DAy 183 - Canal Du Midi - 2 Sep 10

Published by billkce in the blog billkce's blog. Views: 95

Hi Clo

God, it’s hot!!!! 111 degs C recorded as we set up camp here in sunny Aix-en-Provence. It’s a much nicer campsite in a lovely location near to the town.

Our departure from Wijnstok :shout: went fairly smoothly, with me, as usual, running ahead up the narrow entrance to stop any possible oncoming traffic to allow dad a continuous drive out of the site, but luckily I only had to manoeuvre two rather large Italian ladies away to the side who were oblivious a our 5 tonne wag coming up behind them! Another interesting drive along the motorway through more tunnels, climbing and descending with the occasional peek at a coastal town and last views of the Ligurian Sea.

Our aim was an overnight Aire stop in a supermarket carpark! But the closer we got dad was getting concerned about access and security and I was thinking ‘I’m going to die of overheating’ as the temperatures were now well over 100 degrees and with no awning shade or being able to put out chairs we would have been forced inside the wag.! Can you imagine, two shrivelled, dehydrated bodies being found in the morning – not a pretty sight. So for different reasons we re-scheduled Doc and set on for Aix-en-Provence.:thumb:

We are finding that in France the motorway tolls are more frequent and pretty pricey, as we have been warned, and our trip from Imperia to Aix was €40. Something to keep in mind for the future touring.

We had no problem finding Camping Chantecler, which is just on the outskirts of the town. It’s quite a large terraced site so we chose our pitch carefully but nevertheless still have a slight lean to the left which means we kind of fall out of the doorway even with ‘levellers’ under the wheels! The peace is pure heaven and best of all there are NO MOZZIES. Nevertheless we have found this to be a ‘transit’ site and a general crossing point with Italians going home one way and the Spanish the other, with a smattering of Germans and Dutch and us so there is a constant movement of vans with new neighbours every day. The facilities are good – toilets a bit dodgy - with restaurant and a swimming pool, which is great in these high temperatures. I’m sure you don’t want to know, as I hear it’s raining with you, but our temperature gauges have been going crazy these past few days showing up to 115 degrees at one time. Even in the evenings it’s still in the upper 80s but the amazing thing is that overnight it drops to 63 degrees and I’m pulling the sheet across me. What’s that I hear you say ‘Poor me!’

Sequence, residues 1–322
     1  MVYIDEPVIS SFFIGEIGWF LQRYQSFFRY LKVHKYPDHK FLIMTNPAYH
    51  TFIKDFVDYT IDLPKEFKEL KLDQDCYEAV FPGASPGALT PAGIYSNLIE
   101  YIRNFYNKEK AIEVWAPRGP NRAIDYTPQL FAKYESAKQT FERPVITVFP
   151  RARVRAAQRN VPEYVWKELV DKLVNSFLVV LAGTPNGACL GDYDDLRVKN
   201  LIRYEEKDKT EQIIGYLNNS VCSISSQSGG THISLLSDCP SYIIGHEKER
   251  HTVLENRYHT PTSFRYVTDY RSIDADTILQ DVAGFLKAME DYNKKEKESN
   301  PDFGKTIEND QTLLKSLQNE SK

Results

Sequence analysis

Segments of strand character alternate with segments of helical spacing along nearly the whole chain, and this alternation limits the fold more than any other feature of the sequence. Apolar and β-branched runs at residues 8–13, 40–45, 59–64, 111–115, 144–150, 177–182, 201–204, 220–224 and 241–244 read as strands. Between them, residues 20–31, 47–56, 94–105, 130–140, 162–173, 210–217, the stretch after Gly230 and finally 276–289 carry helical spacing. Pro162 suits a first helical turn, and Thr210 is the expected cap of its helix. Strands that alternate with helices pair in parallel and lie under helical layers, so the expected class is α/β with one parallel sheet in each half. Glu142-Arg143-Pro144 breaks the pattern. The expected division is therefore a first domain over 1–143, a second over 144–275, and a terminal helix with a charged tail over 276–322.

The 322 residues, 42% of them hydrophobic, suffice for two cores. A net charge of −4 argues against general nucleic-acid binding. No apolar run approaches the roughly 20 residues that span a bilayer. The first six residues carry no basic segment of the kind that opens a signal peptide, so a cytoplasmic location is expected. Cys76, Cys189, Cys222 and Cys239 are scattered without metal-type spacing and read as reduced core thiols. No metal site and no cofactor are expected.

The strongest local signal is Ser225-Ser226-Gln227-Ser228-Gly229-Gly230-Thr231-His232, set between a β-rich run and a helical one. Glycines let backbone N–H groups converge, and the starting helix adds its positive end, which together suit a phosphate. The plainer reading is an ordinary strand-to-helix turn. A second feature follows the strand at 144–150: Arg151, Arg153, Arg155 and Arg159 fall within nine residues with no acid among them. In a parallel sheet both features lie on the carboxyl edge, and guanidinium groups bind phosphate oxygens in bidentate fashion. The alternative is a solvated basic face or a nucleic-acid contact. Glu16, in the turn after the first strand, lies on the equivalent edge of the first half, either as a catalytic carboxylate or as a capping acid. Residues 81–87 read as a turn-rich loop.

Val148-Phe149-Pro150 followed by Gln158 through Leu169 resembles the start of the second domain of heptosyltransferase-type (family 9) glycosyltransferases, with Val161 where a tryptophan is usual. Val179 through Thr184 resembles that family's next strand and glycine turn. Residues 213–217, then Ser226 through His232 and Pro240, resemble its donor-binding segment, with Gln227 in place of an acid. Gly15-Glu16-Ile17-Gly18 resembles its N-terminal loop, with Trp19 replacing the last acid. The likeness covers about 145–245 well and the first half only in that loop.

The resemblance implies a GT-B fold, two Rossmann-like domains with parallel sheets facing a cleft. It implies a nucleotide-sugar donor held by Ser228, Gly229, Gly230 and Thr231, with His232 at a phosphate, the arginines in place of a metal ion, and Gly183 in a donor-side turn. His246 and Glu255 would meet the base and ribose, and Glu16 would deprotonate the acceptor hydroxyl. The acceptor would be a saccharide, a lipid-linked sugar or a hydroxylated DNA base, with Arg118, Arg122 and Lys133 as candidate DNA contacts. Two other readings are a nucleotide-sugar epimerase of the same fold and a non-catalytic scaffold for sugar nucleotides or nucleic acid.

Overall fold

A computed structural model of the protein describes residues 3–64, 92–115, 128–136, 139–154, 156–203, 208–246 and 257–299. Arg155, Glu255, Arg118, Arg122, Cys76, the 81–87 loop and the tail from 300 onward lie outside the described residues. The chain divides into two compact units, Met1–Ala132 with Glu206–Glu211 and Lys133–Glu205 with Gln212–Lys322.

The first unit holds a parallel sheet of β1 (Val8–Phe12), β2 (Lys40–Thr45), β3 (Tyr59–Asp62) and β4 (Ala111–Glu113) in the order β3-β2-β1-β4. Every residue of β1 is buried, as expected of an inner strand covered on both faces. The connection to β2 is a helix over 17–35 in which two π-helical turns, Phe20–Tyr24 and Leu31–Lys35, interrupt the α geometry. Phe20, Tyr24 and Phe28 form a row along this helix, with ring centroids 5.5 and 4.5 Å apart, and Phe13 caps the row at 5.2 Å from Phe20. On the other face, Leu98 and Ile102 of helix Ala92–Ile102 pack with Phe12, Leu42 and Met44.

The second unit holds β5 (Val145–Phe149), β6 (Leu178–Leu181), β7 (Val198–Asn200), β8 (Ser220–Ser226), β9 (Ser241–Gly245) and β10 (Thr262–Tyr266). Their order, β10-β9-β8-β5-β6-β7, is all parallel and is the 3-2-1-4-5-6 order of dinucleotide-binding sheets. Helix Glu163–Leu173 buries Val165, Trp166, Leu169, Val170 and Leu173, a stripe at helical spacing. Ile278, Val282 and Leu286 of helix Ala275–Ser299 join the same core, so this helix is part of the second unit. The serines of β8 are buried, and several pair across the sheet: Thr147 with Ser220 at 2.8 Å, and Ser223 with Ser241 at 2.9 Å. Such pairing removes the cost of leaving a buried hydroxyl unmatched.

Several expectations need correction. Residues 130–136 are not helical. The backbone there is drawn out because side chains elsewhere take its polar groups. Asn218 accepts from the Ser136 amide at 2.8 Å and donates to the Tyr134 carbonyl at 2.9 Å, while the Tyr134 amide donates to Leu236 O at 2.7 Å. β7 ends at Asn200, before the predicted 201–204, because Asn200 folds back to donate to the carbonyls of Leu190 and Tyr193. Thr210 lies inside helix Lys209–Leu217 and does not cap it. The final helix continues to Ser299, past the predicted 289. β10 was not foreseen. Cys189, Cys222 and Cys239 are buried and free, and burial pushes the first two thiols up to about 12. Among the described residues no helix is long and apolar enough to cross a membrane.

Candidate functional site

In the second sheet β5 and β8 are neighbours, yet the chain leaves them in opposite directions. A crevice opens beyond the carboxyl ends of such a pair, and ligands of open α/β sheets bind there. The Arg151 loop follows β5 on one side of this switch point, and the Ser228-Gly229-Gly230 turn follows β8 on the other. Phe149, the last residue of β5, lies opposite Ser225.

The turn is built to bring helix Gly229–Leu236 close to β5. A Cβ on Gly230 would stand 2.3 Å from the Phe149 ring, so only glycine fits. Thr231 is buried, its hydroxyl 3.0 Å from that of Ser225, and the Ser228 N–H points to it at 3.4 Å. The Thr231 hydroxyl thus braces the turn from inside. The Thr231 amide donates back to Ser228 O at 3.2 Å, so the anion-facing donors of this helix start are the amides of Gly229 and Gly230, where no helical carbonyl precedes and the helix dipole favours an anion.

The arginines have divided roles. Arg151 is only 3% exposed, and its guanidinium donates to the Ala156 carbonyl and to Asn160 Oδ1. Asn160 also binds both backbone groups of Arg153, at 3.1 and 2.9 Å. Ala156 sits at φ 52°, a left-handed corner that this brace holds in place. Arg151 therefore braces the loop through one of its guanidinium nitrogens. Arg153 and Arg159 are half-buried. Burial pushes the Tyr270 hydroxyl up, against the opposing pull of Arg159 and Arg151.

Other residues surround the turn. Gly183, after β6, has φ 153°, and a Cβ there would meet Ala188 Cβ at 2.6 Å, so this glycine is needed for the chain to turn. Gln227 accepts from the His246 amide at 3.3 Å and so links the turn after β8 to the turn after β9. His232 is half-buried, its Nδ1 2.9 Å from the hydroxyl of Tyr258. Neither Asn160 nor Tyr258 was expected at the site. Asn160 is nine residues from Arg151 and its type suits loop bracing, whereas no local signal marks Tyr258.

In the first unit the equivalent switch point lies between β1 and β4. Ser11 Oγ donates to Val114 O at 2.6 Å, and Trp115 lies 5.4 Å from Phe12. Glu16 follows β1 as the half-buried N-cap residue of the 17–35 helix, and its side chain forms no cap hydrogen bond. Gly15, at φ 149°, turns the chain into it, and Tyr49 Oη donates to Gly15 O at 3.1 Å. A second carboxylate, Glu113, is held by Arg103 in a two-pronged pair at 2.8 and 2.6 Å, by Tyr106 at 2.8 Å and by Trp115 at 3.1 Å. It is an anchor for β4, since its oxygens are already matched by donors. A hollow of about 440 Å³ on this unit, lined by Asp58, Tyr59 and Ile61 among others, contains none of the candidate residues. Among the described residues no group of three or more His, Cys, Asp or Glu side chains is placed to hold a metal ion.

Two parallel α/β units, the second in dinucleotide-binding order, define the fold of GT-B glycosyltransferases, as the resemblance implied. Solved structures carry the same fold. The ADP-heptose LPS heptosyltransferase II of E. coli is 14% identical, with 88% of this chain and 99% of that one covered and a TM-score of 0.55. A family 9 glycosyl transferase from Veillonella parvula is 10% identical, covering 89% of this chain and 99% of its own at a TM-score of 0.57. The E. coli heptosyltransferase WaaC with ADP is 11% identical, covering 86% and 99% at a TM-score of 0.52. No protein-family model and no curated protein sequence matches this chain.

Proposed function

We’ve now been into Aix a couple of times, once strolling in for an initial explore, and yesterday evening we bussed it. I know you will feel jealous Clo, but we took a ‘noddy’ train tour within the old town around the sites including a place that ‘used to be there’ and where Cézannes mother ‘used to live’ and he occasionally stayed there, but unfortunately there’s nothing to see now, but we did glimpse the famous view of Mont St Vittoire which he painted many times. The town has a great feel with wide leafy boulevards and fountains to the tiny back streets and decorative squares. In the evening the squares are full to the brim with busy restaurants, bars and lots of live entertainment – solo guitarists, classical recitals and singers. To top it all yesterday was also the start of another budget week and so my choice of a meal, so it was moules and frites – fantastic!

A bit overcast on Friday so we set forth to find the nearest Carrefour supermarket and had a stroll around to restock on food for the next few days. We bought all kinds of goodies and dad was particularly excited about a pack of potato pasties – not good for the waistline. On our return we prepared lunch, cooked chicken, pate, salad and these pies, only the discover on his first bite that in actual fact they were sweet pommes and not pomme de terre! Welcome to France.